Summer. It ushers in a time of slowing down from the routine of school, homework, and rigid bedtimes.
For some of us, it means beach vacations or passes to Hawaiian Falls. Others may enjoy library days or trips to the museum. Or splashing around in Proctor Springs or kayaking in the Brazos.
For me, summer means allowing somewhat flexible days with a little routine thrown in the mix. We love the many options of summer camps available, but my son, Harrison, wanted to make sure I didn’t over-schedule him because he needed time to relax.
I know this season doesn’t look the same for all of us, but I try to focus on the value of quality over quantity. I don’t want the thief of comparison to take away the joy of intentional moments I can have with my son.
Intentionality for me requires some planning because I don’t want our time to seem like we’re checking off a box. We sit down for breakfast and just talk. Reconnect. Go over our schedule for the day and discuss what’s coming up during the week. I may ask Harrison if there’s a particular meal he wants me to make for dinner. Usually, it alternates between spaghetti and lasagna. Or maybe a dessert he’d like me to whip up. (like making frozen cookie dough balls that he’d much rather eat raw than bake)
Other times, it might look like sitting next to Harrison on the couch while he plays video games. There are many times in the past when he’d asked me to sit and watch him play. I’d think to myself, “that seems like the biggest waste of time! Do you know all the things I have on my to-do list?”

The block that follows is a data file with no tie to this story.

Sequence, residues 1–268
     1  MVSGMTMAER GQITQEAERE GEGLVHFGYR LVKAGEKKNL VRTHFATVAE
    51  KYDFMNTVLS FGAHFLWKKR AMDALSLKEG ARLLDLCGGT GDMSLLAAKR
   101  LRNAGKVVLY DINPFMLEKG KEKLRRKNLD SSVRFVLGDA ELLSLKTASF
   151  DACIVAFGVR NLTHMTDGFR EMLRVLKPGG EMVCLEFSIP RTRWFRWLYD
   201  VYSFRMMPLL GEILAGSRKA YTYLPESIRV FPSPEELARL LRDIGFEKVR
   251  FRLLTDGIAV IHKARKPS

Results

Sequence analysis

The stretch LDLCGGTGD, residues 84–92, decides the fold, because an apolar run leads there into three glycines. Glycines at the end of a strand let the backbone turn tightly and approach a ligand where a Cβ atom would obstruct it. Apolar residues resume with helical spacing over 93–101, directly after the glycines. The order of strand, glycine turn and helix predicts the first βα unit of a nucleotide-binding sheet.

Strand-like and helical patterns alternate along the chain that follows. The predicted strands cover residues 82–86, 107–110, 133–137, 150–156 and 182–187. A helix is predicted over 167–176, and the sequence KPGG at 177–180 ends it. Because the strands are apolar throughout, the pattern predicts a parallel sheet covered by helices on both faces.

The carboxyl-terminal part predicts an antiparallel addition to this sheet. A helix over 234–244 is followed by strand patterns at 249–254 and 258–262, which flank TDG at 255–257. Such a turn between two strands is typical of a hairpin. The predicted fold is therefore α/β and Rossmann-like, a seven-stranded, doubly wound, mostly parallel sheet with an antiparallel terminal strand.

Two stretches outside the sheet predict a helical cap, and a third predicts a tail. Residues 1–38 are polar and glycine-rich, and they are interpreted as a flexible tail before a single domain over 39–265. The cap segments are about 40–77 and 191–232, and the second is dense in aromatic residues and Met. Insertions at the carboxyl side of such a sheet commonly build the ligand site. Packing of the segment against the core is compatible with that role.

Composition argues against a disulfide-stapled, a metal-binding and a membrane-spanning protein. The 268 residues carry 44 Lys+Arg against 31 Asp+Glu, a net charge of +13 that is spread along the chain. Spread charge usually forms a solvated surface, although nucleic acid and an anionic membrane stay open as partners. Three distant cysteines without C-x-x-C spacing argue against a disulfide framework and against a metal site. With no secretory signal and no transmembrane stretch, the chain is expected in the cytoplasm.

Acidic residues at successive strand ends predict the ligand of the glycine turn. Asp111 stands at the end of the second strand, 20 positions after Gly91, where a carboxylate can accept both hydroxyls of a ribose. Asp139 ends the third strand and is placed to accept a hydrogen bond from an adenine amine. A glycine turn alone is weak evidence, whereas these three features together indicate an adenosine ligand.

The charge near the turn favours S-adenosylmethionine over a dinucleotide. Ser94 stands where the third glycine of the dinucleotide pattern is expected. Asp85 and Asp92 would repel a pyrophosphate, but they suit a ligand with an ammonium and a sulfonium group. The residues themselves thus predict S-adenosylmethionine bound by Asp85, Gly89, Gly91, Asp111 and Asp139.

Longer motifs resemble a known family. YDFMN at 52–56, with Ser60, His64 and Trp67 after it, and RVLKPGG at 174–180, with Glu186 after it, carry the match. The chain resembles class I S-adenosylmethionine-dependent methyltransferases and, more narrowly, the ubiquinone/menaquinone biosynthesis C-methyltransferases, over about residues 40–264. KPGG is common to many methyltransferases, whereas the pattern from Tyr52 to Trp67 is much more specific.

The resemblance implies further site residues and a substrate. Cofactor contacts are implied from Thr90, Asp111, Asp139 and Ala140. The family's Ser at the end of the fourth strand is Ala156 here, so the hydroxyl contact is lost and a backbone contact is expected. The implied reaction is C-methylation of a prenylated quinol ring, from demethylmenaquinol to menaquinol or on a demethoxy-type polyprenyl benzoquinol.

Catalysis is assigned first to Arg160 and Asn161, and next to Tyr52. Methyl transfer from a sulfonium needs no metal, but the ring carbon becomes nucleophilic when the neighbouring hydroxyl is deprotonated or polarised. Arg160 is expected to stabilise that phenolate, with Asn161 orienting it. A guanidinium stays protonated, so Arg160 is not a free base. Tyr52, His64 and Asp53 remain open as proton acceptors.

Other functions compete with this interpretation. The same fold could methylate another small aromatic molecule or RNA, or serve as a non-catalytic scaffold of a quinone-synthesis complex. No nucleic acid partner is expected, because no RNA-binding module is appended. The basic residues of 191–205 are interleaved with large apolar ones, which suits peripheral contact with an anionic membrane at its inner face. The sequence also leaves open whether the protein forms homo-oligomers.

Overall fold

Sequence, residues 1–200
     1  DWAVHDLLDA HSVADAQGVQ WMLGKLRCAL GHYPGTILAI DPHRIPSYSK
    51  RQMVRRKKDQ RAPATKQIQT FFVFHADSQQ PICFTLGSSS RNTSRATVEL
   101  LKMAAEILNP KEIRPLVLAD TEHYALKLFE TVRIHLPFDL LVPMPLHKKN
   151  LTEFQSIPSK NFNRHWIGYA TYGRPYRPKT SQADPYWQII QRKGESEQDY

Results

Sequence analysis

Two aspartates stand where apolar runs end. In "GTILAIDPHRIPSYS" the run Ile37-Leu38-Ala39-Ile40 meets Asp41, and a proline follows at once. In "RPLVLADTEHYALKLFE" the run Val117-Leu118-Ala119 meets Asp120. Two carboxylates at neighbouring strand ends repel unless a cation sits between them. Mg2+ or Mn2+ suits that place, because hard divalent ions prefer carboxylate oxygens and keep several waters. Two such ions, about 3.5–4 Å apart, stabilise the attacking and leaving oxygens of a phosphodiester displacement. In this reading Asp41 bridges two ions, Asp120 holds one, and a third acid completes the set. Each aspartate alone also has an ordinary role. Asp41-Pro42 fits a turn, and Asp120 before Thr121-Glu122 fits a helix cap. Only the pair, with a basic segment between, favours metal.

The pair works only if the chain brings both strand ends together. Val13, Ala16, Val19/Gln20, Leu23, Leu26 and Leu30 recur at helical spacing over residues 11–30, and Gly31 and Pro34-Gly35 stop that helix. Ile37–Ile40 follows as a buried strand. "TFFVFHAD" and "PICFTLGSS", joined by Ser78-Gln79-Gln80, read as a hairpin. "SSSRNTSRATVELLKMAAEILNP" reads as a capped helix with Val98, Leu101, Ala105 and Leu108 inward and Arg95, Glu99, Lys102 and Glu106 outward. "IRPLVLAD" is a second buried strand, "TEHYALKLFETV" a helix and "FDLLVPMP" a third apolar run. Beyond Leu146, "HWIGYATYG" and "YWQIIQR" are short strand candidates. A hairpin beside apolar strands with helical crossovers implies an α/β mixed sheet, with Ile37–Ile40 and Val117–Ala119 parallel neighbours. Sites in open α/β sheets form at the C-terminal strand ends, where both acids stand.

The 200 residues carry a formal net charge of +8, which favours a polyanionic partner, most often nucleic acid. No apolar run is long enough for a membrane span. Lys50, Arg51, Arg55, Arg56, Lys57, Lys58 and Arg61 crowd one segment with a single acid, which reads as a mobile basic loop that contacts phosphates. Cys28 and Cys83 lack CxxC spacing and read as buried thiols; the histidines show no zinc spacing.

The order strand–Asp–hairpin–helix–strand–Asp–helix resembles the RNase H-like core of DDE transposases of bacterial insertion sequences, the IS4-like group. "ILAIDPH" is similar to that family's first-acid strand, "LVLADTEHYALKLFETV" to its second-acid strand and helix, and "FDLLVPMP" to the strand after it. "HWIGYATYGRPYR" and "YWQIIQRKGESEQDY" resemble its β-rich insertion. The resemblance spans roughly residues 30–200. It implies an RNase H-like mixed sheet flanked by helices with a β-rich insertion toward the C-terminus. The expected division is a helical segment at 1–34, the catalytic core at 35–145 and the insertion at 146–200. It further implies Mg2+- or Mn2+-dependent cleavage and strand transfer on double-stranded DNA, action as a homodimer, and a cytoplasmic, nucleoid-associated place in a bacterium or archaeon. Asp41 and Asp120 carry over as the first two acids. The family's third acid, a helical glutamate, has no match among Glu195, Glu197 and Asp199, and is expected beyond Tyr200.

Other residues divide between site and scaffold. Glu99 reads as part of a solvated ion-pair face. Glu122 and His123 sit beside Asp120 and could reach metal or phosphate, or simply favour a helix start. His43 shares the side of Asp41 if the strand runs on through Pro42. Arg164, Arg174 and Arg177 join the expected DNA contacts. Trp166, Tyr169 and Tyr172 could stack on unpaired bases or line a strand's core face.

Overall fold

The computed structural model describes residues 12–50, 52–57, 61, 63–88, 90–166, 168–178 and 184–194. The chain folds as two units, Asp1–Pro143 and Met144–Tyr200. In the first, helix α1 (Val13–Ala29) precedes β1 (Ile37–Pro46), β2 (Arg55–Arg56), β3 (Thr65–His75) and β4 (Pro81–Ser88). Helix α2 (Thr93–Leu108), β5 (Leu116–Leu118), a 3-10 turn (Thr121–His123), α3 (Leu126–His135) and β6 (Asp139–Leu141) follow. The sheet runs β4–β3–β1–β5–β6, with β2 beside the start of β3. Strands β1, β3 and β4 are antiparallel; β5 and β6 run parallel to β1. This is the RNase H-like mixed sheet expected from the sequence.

But I realized Harrison simply wanted me in his presence. He wanted to show me what he likes and tell me about his interests. He can talk about the ins and outs of different games for hours. I’ve learned to be intentional means listening and asking questions, even if it’s not about things I have a particular interest in. Because it’s important to me that Harrison knows his mom cares about the things he cares about.
Recently, he asked if we could have a board game night and just play lots of different games. We had the best time! Harrison has also started looking through cookbooks with me, sharing his thoughts on different recipes and pictures, and asked if we could make some of them together. He’s been a fairly picky eater in the past but has gotten much better. The fact that he wants to try some different recipes and make them is absolutely miraculous! Who knew a sudden interest in cookbooks might make my picky eater more adventurous?
I’m investing with intention one of the most valuable things I have: my time. And I believe that investment will reap abundant rewards for me and my son.
Here are more articles on summertime motherhood: Sonja Smith